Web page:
“Promoting women’s empowerment is an effective strategy for looking at climate and the environment but also is important in its own right,” said the Sierra Club’s Kim Lovell at the Wilson Center on February 22. “Increasing access to family planning for women around the world is a climate adaptation and climate mitigation solution.”
Drawing on research by Brian O’Neill (National Center for Atmospheric Research) and others Lovell explained that meeting the unmet need for family planning around the world could provide up to 16 to 29 percent of the emissions reductions required by 2050 in order to avoid more than two degrees of warming (the target set by nations to prevent the most damaging effects of climate change).
For environmentalists and those concerned with climate change, “sometimes the idea has been that population is toxic, that we can’t talk about population growth,” said Nancy Belden of Belden Russonello and Stewart Consulting, but the results of a recent survey and several focus groups conducted in association with Americans for UNFPA demonstrate that there is great potential for engaging the environmental community in such a discussion.
Belden and Lovell were joined by Kate Sheppard from Mother Jones to discuss how the population and environment communities can come together in the lead-up to the Rio+20 UN sustainable development conference.
Besides providing a basic health commodity, empowering women through access to family planning also improves adaptation outcomes, said Lovell. “Climate change is already happening and women and families around the world are suffering from the effects of water scarcity [and] of erratic weather patterns,” she said. But “when women have the ability to plan their family size and have more choices about their families and about their reproductive health and rights, that makes it easier to adapt to those climate change effects that are already taking place.”
Resonating With Environmental Priorities
“The people who really care about the environment are generally the same people who care about access to contraception and birth control and family planning…they’re a ready audience to hear about these connections and they’re a ready audience to take action about them,” said Kate Sheppard. Reproductive rights issues are something that people can really connect with, she said; “most women, most men too…understand why it’s an important issue and they’ve understood it in their own life and they have [a] very strong response to it.”
When we approach the linkages between environment and population, said Sheppard, it is important to recognize the role of empowering language – language about access to services, education, and resources for women – a rights-based approach.
The aim of the Americans for UNFPA survey aim was to find out whether environmentalists can be engaged in discussions of population issues such as family planning and international voluntary contraception, and if so, how?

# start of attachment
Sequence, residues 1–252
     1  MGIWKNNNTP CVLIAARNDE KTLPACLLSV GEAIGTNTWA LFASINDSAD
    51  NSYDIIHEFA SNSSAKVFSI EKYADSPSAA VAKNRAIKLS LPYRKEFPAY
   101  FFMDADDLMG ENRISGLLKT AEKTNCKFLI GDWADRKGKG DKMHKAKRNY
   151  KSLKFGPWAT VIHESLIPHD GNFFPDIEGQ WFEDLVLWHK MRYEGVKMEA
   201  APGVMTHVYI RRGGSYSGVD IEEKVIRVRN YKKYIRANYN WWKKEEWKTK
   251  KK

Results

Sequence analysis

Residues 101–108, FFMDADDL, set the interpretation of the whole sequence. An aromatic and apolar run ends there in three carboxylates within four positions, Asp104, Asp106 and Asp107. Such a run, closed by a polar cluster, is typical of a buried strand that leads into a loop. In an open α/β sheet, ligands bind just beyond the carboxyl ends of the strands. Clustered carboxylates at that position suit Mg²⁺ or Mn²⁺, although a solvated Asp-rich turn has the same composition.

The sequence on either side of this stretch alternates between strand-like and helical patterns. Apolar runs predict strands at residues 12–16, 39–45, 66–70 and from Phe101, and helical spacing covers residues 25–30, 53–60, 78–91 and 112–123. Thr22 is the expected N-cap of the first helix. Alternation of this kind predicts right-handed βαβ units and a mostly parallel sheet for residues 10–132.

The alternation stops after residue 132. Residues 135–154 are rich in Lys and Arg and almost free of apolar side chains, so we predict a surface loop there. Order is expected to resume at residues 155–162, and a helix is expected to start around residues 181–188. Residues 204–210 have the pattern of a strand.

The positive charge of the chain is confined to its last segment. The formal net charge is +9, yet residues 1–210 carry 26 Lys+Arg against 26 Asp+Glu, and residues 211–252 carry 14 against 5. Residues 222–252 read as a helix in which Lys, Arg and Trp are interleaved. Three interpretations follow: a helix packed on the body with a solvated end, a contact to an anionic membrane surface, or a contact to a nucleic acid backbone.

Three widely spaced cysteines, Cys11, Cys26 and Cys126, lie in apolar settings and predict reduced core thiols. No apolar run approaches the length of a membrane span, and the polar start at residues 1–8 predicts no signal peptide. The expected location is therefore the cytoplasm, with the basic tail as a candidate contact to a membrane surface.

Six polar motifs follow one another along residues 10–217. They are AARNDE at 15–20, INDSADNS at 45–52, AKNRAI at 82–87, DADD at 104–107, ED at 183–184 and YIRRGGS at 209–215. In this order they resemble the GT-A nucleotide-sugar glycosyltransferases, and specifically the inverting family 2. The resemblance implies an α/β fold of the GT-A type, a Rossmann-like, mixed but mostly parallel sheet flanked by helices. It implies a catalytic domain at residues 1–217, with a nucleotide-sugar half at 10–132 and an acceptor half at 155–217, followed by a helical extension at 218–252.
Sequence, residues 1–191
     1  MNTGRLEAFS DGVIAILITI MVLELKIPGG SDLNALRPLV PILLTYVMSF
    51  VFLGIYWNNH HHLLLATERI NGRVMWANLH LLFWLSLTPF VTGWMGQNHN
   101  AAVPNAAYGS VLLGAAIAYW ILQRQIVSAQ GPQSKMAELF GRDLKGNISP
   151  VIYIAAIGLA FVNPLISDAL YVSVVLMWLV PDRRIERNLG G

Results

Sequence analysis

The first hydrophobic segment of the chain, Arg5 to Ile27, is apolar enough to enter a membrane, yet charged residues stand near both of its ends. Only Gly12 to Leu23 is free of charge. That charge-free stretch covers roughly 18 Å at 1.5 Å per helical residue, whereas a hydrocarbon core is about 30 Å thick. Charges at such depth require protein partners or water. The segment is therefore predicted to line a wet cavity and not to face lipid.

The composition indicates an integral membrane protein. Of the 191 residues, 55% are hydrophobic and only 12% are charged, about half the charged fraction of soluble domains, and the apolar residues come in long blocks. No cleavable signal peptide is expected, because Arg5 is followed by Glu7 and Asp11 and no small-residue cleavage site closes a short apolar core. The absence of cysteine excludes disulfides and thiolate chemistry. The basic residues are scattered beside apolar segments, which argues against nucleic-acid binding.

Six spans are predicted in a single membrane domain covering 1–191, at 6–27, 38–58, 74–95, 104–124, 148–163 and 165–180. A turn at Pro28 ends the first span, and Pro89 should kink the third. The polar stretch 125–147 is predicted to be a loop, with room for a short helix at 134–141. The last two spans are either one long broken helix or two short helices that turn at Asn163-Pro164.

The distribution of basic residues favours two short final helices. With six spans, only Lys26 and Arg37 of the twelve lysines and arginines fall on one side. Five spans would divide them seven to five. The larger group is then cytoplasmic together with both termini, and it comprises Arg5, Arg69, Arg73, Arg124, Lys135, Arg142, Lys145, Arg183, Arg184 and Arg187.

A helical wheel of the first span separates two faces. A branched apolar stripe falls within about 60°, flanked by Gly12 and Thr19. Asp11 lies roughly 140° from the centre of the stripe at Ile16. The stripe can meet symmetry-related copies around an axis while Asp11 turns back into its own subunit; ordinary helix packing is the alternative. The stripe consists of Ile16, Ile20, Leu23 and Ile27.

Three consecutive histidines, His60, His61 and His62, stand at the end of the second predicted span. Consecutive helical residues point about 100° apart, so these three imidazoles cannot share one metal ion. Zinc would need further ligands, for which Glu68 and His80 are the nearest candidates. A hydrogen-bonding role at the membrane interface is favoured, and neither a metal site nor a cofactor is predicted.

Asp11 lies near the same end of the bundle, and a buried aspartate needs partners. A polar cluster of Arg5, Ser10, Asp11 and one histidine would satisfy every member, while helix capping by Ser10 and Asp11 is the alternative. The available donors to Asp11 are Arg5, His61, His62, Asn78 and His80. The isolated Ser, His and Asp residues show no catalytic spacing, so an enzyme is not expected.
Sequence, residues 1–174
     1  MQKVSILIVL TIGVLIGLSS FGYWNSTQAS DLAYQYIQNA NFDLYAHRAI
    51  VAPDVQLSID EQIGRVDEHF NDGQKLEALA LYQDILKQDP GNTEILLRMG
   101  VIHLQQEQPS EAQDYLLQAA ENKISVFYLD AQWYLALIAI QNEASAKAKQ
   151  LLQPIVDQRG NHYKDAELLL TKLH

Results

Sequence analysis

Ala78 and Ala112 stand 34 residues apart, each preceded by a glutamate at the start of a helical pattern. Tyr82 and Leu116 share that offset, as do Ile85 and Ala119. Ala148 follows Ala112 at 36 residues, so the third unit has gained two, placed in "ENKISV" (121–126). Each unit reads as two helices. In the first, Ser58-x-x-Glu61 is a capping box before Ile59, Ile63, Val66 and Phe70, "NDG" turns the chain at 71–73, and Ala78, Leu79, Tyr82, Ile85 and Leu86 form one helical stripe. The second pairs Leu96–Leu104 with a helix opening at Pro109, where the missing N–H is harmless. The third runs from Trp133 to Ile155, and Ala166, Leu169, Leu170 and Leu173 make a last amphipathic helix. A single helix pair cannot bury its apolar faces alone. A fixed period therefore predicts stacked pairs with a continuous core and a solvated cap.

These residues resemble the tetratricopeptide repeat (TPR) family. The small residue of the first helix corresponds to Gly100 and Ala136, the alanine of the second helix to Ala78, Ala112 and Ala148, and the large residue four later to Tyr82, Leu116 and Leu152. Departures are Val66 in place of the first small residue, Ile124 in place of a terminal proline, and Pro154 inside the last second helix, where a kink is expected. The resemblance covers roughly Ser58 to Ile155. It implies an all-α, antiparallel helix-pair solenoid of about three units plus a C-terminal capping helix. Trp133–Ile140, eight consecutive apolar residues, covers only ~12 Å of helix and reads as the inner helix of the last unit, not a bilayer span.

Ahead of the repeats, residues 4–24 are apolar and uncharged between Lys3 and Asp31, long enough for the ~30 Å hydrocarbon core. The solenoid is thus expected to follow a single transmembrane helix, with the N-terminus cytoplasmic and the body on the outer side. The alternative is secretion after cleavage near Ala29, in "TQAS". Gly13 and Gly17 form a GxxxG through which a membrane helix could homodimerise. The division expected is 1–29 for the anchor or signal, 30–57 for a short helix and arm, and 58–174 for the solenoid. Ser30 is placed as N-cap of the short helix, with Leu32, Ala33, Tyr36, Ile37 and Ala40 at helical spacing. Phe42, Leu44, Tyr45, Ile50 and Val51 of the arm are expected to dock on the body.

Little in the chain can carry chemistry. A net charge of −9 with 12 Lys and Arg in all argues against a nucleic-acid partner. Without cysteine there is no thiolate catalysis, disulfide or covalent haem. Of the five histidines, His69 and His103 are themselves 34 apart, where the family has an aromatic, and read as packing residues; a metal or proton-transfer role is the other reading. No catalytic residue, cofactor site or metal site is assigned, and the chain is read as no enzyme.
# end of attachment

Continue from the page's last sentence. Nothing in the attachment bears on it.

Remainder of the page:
The results show that “environmentalists are ready to talk about population, they’re ready to listen – it’s not toxic,” said Belden. She outlined three key findings:
First, environmentalists prioritize the environment but they also give a high priority to empowering women, said Belden. “Population pressures are seen as an environmental problem…they don’t dismiss it,” yet the “strongest framework that we could come up with…for engaging people on the issues around voluntary family planning and contraception focuses on women.”
Second, the environmental community is relatively optimistic about the potential outcomes of family planning programs and of foreign aid in general. When queried, half of the environmentalists strongly supported the idea of U.S. contributions to UN programs that provide voluntary access to contraception in developing countries, said Belden.
When asked to mark their top priority among a list of possible outcomes of providing voluntary access to contraception, 47 percent of the environmentalists selected either “improving living conditions for women and their families” or “ensuring women have options and can make reproductive decisions” as their top priority. While a significant number are also concerned about stalling population growth, this integrative focus on improving the lives of women and their families is heartening, said Belden.
In the Run-Up to Rio+20, More Than Pop
One point that all three speakers stressed is the need to integrate consumption into the integrated population message. In her survey work, Belden found that “if you don’t talk about consumption in the same breath, [environmentalists] start wanting to put it in there because otherwise…this is someone blaming others.”
Lovell similarly highlighted that “if we’re working to ensure a sustainable planet for future generations to come, we have to think about consumption and population.” For instance, “the United States makes up five percent of the world’s population but consumes 25 percent of the world’s resources,” she said.
Said Sheppard: “It’s not simply a problem that the numbers of people here on the Earth are going up, it’s a problem of how people, especially here in the U.S., live.”
It is imperative – especially from a sustainable development standpoint – that while working towards integrating environment and population we remain focused on a message that includes “using less but still having a high quality of life” here at home, said Sheppard.